These spiritual paths, then, represent the best accumulated wisdom, or philosophia perrenis, pertaining to the enduring human quest toward embracing mortality and realizing nondual being.100 Indeed, striving to reach this way of being – through something like the overview effect, Ken Wilber’s notion of the worldcentric level of development, or what philosopher of education David Hansen calls a “cosmopolitan orientation” – is the exact shift in perspective that we humans must make if we are to understand and perhaps survive our current situation on ‘Spaceship Earth.’101 For every crisis supplies a turning point between tragedy and serendipity.102
So, although we cannot avert the calamities to come, we must not despair. Instead, we must overcome ourselves.103 Like Nietzsche’s Zarathustra, we must recognize that “it is time! it is high time!” to embrace death in life.104 After all, “with life as short as a half-taken breath,” Rumi seems to ask, why wait?105 Rather, with Marcus Aurelius we should “consider [ourselves] to be dead, and to have completed [our lives] up to the present time.”106 Thus we, like Tolkien’s Gandalf, can see that “all we have to decide is what to do with the time that is given us.”107 For, as Frank Ocean asks, “we are all mortals, aren’t we? Any moment this could go.”108 Yes, Plato’s Socrates tells us, “philosophy is nothing other than preparation for dying and death.”109 So William James is right: no matter how sweet life’s party, still “the skull will grin in at the banquet” – and, like Tyler Durden, we ought to meet that greeting with a shit-eating grin of our own.110
Similary, Camus advises: “Come to terms with death. Thereafter anything is possible.”111 This frees us, Ralph Waldo Emerson agrees, to “live with nature in the present, above time.”112 Indeed, Michel de Montaigne says, “to practice death is to practice freedom. He who has learned how to die has unlearned how to be a slave.”113 Only then, according to Krishnamurti, can we “know the extraordinary state of being nothing, of coming to the abyss of an eternal movement, as it were, and dropping over the edge.”114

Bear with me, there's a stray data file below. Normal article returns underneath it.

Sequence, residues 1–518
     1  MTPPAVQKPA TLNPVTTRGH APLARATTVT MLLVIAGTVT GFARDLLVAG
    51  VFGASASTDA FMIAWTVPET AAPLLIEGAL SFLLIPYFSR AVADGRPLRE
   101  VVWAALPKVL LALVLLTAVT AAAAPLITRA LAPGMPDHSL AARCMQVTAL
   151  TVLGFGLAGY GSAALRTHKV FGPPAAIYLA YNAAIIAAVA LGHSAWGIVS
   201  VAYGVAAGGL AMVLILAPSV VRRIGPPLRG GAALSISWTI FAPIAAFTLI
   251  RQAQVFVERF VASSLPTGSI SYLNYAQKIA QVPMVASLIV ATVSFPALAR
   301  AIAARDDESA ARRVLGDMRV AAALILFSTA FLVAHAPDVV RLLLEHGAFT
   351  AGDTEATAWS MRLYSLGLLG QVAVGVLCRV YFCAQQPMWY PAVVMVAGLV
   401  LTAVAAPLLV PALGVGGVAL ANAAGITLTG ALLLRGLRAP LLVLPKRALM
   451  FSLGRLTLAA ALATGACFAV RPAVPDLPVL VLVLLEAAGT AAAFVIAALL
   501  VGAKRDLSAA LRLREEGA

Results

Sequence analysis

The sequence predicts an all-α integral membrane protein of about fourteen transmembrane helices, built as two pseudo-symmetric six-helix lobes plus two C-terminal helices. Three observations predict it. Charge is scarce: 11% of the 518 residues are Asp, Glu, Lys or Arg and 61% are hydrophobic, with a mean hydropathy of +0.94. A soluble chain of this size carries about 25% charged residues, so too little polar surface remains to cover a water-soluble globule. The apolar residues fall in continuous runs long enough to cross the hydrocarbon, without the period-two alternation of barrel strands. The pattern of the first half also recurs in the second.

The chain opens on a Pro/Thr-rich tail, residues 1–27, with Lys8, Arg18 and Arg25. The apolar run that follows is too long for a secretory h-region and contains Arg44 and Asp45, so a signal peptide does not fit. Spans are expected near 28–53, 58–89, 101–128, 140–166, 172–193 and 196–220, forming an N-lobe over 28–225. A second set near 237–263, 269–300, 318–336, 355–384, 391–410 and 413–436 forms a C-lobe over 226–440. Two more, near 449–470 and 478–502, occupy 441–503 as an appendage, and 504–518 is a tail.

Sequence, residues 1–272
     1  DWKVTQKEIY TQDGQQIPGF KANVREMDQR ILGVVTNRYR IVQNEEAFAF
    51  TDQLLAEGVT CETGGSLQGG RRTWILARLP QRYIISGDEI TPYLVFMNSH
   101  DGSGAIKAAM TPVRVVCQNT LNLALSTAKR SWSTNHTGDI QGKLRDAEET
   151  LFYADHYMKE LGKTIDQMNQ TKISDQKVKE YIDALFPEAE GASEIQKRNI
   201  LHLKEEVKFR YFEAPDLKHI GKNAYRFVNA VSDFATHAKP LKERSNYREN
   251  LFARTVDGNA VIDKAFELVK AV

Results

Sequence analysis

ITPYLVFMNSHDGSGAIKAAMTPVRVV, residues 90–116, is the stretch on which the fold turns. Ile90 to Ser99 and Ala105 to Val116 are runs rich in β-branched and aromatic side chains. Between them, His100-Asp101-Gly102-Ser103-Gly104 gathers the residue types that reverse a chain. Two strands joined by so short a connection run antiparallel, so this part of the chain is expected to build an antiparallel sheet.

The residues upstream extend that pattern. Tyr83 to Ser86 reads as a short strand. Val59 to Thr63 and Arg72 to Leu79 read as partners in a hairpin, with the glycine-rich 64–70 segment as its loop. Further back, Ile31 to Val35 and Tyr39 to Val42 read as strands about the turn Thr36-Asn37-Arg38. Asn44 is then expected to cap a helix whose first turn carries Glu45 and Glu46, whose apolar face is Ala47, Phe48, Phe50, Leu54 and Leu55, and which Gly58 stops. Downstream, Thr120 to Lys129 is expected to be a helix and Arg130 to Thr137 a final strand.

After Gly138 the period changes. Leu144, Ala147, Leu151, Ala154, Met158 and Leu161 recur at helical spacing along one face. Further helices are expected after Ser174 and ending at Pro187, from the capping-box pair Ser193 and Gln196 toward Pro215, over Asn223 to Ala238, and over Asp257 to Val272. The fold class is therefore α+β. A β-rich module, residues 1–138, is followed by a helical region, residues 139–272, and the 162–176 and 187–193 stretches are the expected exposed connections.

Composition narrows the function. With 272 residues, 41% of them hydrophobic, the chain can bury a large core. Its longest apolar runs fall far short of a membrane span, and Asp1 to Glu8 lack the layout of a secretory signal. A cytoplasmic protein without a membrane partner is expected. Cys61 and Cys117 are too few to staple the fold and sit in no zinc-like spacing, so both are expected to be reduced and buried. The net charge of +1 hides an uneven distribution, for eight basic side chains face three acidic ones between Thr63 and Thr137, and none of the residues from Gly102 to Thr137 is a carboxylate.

So gaze long into that abyss, friends – and drop off! Light a lantern as you fall through a tesseract beyond the veil of our reality, and, once you cross Owl Creek in the Mountains of Madness, find a human with whom to share an amontillado.115 In other words, do as Jesus said and “leave the dead to bury their own dead.”116 For, Ken Wilber assures us, “the Void that you are looking for is identical to the Void that you don’t see when you look within for the Looker, so that the sought is the seeker, the seeker is the sought… Always already suffering death Now, we are always already living eternally. The search is always already over.”117
Completing this unbeginnable quest – conquering death – is the only way to brace ourselves for the mass irruptions of extinction awareness that await on the horizon. For it is only by overcoming the terror of death that we can achieve true equanimity. This is what Nietzsche calls amor fati, or what an incandescent Frenchwoman whom I am lucky to know embodies as joie de vivre.118 Unfortunately, these qualities are rare; historically such equanimity has been quite difficult for humans, “who fear their own death,” to actualize. But, at this point, we no longer have a choice. We must all become like the swans who, “when they realize that they must die, sing most and most beautifully.”119 We must all philosophize as preparation for death in the age of extinction.120
The first step in doing so demands that each of us stop denying or ignoring the truth about his or her place in the human situation. Rather, to paraphrase Geoffrey Rush’s wonderfully delivered, reality warping admonishment at the end of Pirates of the Caribbean: The Curse of the Black Pearl:
We best start believing in human extinction – we’re living through it!
Appendix I: Suggested Websites
/r/collapse – This is by far the largest informal online community for extinction-aware folks, aka collapseniks. The forum is not without problems: as in many fringe communities, sensationalized headlines, unfounded conspiracy theories, and bigotry slip in, though these problems tend to be dealt with quickly by moderators. But, to my knowledge, /r/collapse offers the Internet’s most well-curated collection of collapse-related news stories and commentary, including excellent insights from some anonymous community members.